What is IOLink?
You may be hearing buzz about IO-Link lately, but do you know what it is or how it works? Below are the answers to common questions about IO-Link technology, what it does, who can benefit from it, and more.
1. What is IO-Link?
IO-Link is a standardized, bi-directional communication protocol supported on sensors or actuators, which are connected through a master. This gives the user/integrator more information about their devices and allows them to have remote access, which fits into the hot topic of Industrial Internet of Things (IIoT) or Industry 4.0. It is a complimentary technology to an existing PLC, HMI or other controls architecture.
What IO-Link is Not: IO-Link is not another fieldbus. Rather, it was developed to reduce dependability on fieldbus support by manufacturers and users alike. It is designed to be as simple and universal as possible. It requires only standard M12/M8/M5 cables (no special cabling or connectors). IO-Link is also not a proprietary communication protocol, but rather a recognized international standard (IEC 61131-9).
2. How Is an IO-Link Sensor Different From a Standard IO Sensor?
Compared to a standard IO sensor, a sensor with IO-Link allows the user to see much more data about the sensor. It allows the ability to change the sensor’s settings without having to stop a manufacturing or production line to access the individual sensor. You are also able to store parameters or settings inside of a master block, which can then be loaded to a brand new, factory-default device if necessary.
3. What Kind of Data Can You See with IO-Link?
You can see the manufacturer information and part number, among other data, of your sensors that are connected to the master block. So, if a sensor needs replacement but the lettering of the manufacturer or part number has rubbed off or become illegible, you can quickly see the exact model that needs to be replaced with this information already built in. This is also called Service Data, information that is not relative to a device’s function but rather about the device itself.
You can also view sensor performance and diagnostic information remotely through an IO-Link sensor. This is called Process Data (information that the sensor is reading, like temperature or distance) or Event Data (notifications or flags indicating, for example, a dirty lens, an error, communication loss to a sensor, etc.)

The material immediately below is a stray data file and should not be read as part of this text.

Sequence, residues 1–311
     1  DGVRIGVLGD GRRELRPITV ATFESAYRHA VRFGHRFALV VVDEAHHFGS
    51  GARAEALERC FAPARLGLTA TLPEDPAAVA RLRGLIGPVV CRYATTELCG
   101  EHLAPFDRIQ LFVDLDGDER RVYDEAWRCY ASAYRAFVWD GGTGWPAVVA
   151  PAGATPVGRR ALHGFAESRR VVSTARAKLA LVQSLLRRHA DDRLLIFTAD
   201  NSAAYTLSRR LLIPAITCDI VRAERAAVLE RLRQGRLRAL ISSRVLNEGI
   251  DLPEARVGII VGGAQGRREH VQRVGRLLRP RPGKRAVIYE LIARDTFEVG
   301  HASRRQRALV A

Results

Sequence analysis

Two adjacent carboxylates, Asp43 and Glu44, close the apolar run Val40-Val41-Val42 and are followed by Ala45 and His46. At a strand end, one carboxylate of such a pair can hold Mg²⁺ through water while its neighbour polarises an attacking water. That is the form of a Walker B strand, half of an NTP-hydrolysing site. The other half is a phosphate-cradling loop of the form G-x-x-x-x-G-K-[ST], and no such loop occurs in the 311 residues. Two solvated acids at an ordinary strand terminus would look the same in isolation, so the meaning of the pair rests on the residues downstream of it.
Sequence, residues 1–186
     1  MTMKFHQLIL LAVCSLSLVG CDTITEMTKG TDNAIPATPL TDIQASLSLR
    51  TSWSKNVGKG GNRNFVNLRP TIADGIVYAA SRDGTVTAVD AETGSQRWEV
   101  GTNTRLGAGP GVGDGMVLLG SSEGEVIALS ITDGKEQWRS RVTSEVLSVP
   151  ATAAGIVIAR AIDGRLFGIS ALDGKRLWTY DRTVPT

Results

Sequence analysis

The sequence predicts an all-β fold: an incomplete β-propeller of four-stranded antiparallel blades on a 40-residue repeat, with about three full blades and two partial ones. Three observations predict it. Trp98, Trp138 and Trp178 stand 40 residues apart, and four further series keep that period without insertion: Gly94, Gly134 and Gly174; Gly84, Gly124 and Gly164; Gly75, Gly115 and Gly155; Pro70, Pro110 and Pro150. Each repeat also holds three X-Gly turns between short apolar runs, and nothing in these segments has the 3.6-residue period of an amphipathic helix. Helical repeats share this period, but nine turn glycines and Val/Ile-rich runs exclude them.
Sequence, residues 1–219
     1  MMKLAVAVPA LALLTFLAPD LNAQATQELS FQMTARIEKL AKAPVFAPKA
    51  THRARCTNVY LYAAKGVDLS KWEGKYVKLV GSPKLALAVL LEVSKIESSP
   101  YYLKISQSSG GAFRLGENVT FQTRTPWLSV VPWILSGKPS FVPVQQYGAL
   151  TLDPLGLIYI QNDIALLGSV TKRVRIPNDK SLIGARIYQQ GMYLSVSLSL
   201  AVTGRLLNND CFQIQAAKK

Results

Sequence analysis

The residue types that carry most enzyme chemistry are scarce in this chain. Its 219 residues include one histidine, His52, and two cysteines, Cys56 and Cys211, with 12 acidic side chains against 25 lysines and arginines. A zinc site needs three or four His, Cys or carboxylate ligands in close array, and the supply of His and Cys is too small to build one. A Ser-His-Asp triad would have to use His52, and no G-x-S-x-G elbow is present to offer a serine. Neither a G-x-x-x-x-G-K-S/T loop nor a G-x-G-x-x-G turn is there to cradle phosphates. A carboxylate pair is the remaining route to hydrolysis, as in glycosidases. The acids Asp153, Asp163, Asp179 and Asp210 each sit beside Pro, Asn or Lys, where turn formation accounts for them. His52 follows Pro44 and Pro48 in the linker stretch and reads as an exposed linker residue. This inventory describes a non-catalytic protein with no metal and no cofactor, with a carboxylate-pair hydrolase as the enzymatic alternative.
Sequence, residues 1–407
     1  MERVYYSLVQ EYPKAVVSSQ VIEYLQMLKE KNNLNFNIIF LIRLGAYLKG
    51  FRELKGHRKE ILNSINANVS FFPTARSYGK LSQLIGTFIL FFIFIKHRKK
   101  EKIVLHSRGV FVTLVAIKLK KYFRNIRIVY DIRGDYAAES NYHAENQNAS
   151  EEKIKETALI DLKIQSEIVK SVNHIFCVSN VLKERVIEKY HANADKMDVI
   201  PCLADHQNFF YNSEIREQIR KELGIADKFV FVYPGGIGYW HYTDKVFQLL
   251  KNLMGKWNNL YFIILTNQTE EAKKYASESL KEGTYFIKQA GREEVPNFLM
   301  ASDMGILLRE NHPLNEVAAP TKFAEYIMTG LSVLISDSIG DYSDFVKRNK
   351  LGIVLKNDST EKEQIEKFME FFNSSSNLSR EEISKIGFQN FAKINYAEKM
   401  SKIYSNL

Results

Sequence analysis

4. What Kinds of Settings Can Be Changed with IO-Link?
A user can change the settings of an individual sensor without stopping the line to manually change sensor settings one-by-one. With a web interface for instance, the user is provided access to these settings remotely. One of the most common uses of this capability is to change the read ranges of the sensors for product changeover.
For example, if a manufacturer is producing “Product A” and “Product B” on the same line and needs to change sensor settings in-between the processes, this can be achieved by storing parameter sets in the PLC and then sending them out through the master block to sensors when a change is needed. The result? There is a potential for drastic reduction in downtime.
5. What is an IO-Link system comprised of?
An IO-Link system consists of IO-Link sensors or actuators and an IO-Link master block. The information from an IO-Link device is communicated through an industrial Ethernet protocol, most commonly EtherNet/IP, PROFINET/IO, or Modbus TCP. The user can then access the sensor-level information and change sensor data remotely via the embedded web interface, PLC, HMI or other controller.
6. Do I need a PLC to use IO-Link?
It depends on your industry and application. For example, one systems integrator in the mining industry did not have a PLC present for a project. Instead, they used a connected PC to access sensor-level data from their presence detection IO-Link sensors. This allowed them to remotely view the results of the sensors checking for the presence of minerals.
7. What are the Key Benefits of IO-Link?
IO-Link has three primary benefits: remote accessibility, auto-device replacement, and diagnostic capability. All of these key features contribute to reducing costly downtime, generally at manufacturing or production plants. It also gives the user much more information about their sensors or actuators.
Remote Accessibility refers to the capability to access sensor-level information and make changes from anywhere, as long as the user is able to connect to the master and/or a network.
Auto-Device Replacement refers to the data storage feature. This feature allows the user to download an old sensor’s data into a new sensor for seamless device replacement. This means the new sensor can be quickly installed with all the settings of its predecessor. This will ensure the line can be up and running in a timely manner.
Diagnostic Capability refers to the ability to see errors and other important information without having to stop the entire line. For example, in material handling applications, a problem with a sensor would traditionally mean shutting down the system. A person could then access it, manually troubleshoot, and make changes to the device. With the ability to see error codes or other events through the web interface, the user can quickly identify which sensor is malfunctioning and what the problem is. No line shutdown required.
8. How Are Industries Adopting IO-Link Technology?
Key industries that Comtrol is seeing use IO-Link include automotive, material handling, manufacturing, food & beverage, and many other industries, especially those that experience frequent changeover or typically long downtime.
Listen to our a 30 minute webinar where SICK expert, Jake Meidl, discusses how simple this point-to-point communication technology truly is and go in-depth on how the data will actually look in RSLogix.